If you get too out of shape, your momentum is scrubbed and you really slow down. That’s precisely what happens to me at the apex and exit of Bomb Hole; your punishment is a loss in engine speed as you get out of shape.
This moment of oversteer in Bomb Hole really scrubbed off the engine speed. Drive smoothly!
Sloppy technique completely compromises your lap time.
This is a car where maintaining momentum and driving smoothly is everything. You get a real sense of confidence as the car genuinely is easy to drive, but it’s not easy to recover time if you’re overdriving the car.
Downshifts have to be timed sympathetically. The auto-blip is mechanical; you can actually feel the throttle move on the downshift thanks to the actuator below your right foot. It blips the same amount of revs despite the engine speed; so you really can’t shift at high engine speeds. Doing so locks the rears.
The throttle response is notchy and slow; which (once you’re used to it) adds to the charm of driving the car and teaches you an awful lot about adjusting your driving style to the car you’re in. The engine comes alive at around 3,000 rpm and by 5,900, it’s given most of its available torque until the next gear.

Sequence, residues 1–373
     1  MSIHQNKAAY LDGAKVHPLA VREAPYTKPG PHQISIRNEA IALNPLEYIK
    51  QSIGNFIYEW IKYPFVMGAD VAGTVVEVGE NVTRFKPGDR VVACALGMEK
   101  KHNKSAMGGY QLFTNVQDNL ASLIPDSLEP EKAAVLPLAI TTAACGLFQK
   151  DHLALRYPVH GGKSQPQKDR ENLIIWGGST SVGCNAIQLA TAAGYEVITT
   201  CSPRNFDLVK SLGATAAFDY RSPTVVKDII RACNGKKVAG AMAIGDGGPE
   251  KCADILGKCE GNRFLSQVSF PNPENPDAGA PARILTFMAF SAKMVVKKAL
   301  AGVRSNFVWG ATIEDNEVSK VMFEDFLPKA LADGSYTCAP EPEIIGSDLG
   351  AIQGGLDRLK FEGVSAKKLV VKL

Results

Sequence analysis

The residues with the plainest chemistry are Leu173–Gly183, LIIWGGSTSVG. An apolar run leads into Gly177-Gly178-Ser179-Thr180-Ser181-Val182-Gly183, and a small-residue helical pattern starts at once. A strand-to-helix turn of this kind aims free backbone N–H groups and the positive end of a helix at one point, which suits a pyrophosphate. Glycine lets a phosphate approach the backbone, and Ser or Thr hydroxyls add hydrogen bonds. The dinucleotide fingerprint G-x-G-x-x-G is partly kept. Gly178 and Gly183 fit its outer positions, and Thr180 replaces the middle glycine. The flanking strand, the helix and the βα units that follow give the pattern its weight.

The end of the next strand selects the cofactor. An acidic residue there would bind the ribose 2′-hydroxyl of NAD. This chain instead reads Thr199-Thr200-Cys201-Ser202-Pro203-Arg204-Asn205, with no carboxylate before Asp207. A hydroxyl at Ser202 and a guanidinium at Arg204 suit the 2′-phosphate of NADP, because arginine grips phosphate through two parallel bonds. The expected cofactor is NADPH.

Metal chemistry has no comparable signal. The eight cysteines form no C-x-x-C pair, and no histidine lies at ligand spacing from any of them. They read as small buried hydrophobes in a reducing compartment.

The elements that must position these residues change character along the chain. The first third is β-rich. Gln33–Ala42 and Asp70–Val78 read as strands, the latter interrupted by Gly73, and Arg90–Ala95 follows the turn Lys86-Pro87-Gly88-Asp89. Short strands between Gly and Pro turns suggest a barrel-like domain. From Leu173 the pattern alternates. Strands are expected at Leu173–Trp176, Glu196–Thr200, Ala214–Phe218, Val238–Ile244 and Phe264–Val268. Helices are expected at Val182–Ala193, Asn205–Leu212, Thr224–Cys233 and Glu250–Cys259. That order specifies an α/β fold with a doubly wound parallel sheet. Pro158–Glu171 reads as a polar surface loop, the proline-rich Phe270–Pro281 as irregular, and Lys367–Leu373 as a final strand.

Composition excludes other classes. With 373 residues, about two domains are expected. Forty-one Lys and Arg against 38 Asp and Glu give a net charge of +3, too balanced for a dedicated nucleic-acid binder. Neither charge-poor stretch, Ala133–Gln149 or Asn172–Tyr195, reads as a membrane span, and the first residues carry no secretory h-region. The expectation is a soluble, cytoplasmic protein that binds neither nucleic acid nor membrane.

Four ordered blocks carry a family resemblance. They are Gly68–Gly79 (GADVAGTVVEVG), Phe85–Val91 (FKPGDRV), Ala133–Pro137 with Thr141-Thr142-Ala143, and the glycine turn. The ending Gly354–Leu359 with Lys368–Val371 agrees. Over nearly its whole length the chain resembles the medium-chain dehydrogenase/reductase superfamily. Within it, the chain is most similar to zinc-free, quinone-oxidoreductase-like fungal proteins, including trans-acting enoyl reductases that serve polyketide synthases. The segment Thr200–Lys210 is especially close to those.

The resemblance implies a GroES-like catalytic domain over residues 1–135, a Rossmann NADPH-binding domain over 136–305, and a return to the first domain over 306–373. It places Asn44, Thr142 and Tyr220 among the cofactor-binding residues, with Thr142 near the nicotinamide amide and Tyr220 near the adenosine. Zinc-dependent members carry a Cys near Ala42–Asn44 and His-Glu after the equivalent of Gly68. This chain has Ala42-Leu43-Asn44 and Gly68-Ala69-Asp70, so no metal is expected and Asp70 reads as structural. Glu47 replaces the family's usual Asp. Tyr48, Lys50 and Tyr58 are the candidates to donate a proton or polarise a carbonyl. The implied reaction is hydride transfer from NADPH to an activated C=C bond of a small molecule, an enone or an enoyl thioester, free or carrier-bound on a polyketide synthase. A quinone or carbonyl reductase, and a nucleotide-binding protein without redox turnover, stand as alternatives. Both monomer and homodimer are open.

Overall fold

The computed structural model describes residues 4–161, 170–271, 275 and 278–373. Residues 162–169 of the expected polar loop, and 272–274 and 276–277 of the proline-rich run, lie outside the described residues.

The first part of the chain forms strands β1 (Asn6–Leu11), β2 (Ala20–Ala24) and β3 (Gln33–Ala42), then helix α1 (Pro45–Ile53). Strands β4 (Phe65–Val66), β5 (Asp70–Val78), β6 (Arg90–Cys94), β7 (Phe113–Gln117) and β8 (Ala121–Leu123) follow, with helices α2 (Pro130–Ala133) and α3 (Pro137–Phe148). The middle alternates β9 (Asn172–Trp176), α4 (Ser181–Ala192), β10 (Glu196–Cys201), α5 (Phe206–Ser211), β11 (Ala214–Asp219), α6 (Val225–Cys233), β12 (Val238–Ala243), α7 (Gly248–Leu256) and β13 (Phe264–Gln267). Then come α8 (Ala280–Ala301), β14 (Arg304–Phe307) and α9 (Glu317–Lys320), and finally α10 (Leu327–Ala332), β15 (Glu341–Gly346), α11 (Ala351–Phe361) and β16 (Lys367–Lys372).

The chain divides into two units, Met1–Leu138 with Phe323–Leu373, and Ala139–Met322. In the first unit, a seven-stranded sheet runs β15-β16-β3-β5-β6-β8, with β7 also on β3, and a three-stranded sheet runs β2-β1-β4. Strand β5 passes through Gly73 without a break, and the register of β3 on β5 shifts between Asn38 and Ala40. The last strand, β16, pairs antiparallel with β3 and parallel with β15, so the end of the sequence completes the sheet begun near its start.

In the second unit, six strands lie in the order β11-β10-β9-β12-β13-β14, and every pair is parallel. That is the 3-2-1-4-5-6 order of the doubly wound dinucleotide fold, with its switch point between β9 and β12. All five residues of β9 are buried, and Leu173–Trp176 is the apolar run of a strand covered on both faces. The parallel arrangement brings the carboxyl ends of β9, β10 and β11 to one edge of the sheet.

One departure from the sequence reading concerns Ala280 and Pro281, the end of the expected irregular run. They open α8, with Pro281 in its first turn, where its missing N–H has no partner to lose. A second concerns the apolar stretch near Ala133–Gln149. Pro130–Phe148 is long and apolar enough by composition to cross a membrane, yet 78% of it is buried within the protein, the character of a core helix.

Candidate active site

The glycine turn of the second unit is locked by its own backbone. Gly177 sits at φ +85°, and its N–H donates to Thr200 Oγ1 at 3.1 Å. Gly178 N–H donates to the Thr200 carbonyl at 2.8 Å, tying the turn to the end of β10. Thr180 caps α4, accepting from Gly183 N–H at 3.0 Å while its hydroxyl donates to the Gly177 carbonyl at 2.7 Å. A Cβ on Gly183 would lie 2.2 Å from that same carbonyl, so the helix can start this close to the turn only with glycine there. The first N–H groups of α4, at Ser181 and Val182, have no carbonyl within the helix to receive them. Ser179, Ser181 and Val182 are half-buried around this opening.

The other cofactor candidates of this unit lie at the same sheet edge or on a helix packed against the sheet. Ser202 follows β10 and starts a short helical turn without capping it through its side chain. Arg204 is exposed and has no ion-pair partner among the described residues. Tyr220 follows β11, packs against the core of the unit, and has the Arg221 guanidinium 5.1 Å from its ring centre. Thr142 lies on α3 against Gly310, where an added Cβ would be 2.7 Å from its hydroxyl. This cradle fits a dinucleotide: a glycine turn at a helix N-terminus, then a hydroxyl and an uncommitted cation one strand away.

Steering is heavy, so you get amazing workout behind the wheel. I definitely don’t need to go to the gym for a few days. I sweated so heavily that the next day I was obviously in need of hydration.
The car is fast and stable in the medium to high speed corners and for a novice driver you’ve really got time to think so you can improve your time as you pile up the laps.
A Brilliant Experience on a Budget